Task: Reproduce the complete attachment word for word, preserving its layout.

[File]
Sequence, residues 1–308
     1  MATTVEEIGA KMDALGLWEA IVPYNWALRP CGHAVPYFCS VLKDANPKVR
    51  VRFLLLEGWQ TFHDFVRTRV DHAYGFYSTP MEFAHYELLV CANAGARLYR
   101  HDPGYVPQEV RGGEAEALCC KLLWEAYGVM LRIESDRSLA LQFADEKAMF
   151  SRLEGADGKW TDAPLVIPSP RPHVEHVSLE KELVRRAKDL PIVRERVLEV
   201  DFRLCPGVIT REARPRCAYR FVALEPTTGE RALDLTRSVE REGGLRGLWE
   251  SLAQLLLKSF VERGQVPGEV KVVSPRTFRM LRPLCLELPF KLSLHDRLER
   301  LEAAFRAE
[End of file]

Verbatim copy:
Sequence, residues 1–308
     1  MATTVEEIGA KMDALGLWEA IVPYNWALRP CGHAVPYFCS VLKDANPKVR
    51  VRFLLLEGWQ TFHDFVRTRV DHAYGFYSTP MEFAHYELLV CANAGARLYR
   101  HDPGYVPQEV RGGEAEALCC KLLWEAYGVM LRIESDRSLA LQFADEKAMF
   151  SRLEGADGKW TDAPLVIPSP RPHVEHVSLE KELVRRAKDL PIVRERVLEV
   201  DFRLCPGVIT REARPRCAYR FVALEPTTGE RALDLTRSVE REGGLRGLWE
   251  SLAQLLLKSF VERGQVPGEV KVVSPRTFRM LRPLCLELPF KLSLHDRLER
   301  LEAAFRAE